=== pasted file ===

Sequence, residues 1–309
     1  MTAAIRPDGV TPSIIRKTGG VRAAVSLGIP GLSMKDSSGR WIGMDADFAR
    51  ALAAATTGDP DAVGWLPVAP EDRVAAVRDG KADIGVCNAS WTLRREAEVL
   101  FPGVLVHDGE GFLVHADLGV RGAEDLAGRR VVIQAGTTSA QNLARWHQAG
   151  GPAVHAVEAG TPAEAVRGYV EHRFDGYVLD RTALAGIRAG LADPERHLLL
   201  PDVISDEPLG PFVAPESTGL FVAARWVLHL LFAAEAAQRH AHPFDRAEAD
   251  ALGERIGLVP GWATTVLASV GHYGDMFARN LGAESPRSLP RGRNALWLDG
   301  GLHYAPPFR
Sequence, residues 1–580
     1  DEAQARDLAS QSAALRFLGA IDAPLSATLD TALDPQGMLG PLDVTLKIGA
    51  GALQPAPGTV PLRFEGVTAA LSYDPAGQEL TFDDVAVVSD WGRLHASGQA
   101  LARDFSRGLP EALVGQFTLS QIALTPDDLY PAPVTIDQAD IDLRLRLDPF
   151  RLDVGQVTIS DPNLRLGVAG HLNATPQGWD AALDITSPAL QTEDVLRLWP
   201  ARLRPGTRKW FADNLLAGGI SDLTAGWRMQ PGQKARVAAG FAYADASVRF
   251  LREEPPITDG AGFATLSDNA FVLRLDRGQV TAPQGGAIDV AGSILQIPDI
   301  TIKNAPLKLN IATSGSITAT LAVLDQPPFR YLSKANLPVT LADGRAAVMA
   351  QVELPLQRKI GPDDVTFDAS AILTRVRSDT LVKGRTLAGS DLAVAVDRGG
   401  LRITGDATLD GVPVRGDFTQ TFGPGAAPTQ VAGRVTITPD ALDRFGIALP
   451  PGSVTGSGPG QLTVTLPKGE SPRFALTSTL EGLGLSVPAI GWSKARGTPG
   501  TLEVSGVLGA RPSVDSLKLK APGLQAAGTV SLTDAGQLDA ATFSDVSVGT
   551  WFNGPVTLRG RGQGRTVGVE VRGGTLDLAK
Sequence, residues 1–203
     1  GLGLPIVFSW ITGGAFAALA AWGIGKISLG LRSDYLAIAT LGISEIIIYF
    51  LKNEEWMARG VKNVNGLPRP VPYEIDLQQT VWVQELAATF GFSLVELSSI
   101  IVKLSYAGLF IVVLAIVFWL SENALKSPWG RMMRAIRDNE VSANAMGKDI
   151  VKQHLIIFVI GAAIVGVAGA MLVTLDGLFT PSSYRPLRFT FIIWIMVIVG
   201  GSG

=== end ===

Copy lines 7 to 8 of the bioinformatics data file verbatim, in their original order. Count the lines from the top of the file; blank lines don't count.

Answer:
   251  ALGERIGLVP GWATTVLASV GHYGDMFARN LGAESPRSLP RGRNALWLDG
   301  GLHYAPPFR